- People You May Know will show you a more complete list of potential Connections. Remember, I think it’s important to invite people with a personalized invitation, not just the default. You can personalize your invitation to Connect from the iPhone (but not an iPad) by going to someone’s Profile and clicking on the three dots next to the Search bar at the top. When you do that, a popup will appear to let you customize your invite or forward the Profile. Personalize 99.9% of the time. Context is crucial.
- Jobs will show those jobs you have saved or applied for. Organization is key when you are in a job search. Use LinkedIn to help you out.
- Pulse is all the content that is trending and gives you an idea of what people on LinkedIn are interested in. If you have clients, prospects, movers and shakers posting content, don’t forget to pay attention and comment, like or share it.
- Groups will provide a quick look at what’s happening in some of your Groups.
- Your Recent Activity shows how you’ve participated on LinkedIn. The more you engage, the more opportunity you can create. If you don’t have much activity in this area, I suggest focusing on that in the upcoming weeks. Be active and show your expertise.
- Who’s Viewed Your Profile shows you who’s viewed you and how you rank among your Connections. A long play is to be an influencer in your network. Who are the connectors in your network?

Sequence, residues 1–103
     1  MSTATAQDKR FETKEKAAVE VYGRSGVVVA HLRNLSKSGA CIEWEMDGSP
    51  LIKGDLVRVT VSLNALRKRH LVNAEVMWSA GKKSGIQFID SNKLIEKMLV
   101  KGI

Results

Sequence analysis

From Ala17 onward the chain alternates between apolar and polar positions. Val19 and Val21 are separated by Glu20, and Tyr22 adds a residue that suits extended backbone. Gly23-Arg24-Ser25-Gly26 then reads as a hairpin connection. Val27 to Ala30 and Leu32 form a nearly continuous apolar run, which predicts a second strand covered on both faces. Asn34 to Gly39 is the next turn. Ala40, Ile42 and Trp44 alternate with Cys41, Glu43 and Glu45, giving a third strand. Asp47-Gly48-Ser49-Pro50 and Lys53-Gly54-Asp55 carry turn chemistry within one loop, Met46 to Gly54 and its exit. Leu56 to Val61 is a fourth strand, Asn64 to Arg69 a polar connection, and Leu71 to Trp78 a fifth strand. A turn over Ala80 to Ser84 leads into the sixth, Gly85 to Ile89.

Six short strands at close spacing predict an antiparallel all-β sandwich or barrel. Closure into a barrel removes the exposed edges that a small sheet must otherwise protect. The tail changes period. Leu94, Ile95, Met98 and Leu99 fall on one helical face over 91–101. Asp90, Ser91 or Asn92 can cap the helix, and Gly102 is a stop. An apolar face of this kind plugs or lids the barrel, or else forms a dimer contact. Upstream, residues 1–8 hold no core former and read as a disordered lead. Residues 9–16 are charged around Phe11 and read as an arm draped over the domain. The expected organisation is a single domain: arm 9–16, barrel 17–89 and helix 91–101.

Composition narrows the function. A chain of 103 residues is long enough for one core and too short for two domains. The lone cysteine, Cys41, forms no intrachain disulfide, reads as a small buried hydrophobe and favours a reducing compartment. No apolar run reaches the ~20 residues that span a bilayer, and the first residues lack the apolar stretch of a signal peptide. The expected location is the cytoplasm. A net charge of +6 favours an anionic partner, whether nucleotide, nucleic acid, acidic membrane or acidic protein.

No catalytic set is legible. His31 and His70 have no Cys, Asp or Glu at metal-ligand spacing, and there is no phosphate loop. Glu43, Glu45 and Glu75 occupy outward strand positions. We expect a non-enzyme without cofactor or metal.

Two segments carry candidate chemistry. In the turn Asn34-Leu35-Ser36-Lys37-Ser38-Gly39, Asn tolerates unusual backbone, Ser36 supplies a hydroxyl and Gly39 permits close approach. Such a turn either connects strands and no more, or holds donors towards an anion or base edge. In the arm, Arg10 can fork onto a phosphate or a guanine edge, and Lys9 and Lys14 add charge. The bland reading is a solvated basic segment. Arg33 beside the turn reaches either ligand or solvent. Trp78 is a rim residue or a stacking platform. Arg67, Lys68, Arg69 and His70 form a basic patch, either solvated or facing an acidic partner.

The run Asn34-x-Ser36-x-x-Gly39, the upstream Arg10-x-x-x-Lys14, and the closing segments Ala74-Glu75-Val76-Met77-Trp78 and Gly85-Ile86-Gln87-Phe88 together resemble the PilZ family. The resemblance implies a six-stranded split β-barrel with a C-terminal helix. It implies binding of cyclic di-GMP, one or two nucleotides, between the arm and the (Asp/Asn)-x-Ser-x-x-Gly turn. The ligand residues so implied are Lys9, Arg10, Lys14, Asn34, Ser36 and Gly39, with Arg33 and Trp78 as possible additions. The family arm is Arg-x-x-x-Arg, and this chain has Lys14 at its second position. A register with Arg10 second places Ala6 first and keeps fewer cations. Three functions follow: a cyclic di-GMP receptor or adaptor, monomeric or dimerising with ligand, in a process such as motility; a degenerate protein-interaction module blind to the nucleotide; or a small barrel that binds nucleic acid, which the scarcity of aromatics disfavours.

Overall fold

- Add a Shortcut: This feature may suggest Groups You May Like, which can be beneficial. You can join up to 50 Groups. Groups help you gain access to other members without Connecting to them. (At least initially).
- Settings is not nearly as robust as it is in the desktop version. I’m particular about reviewing and knowing your Settings; it’s so important and shapes your LinkedIn experience. On this app, you can sync your Connections (be careful with this). You can also Download your Connections to your iPhone Address Book. If you have a large network I would not recommend this. It will just make your iPhone Address Book unwieldy.
If you are headed to a meeting or an interview and receive an email saying a couple of other people are joining in the meeting, you can use the LinkedIn app to look at their Profiles. Look for common Connections, common ground, school connections, similar Groups or Volunteer Experience. Check out what’s happening in their company, as well. Knowledge is a powerful thing.
LinkedIn for iPad
The iPad app is similar to the iPhone app. One of the main differences is simply the orientation and obviously, the screen size. Most folks are going to view their iPhone app in a portrait view and, on their iPad, in a landscape view. Don’t let this throw you off.
You are not going to be able to edit your LinkedIn profile from the iPad app. If you want to work on your profile, go to Safari and type in www.linkedin.com and it will prompt you to log in to the app. Make sure you click the x in the top right corner which should then allow you to log in to the full (desktop) version of LinkedIn.
If this does not work you may want to clear your viewing history and try again.
Stay tuned for Part 2 of this post, where we will dive into each of the specific LinkedIn apps including Connected, Job Search, Pulse, Sales Navigator, SlideShare, and Recruiter. Until then, think about whether LinkedIn’s app will help you engage better on LinkedIn.
Source: Photo images from LinkedInDigital & Social Articles on Business 2 Community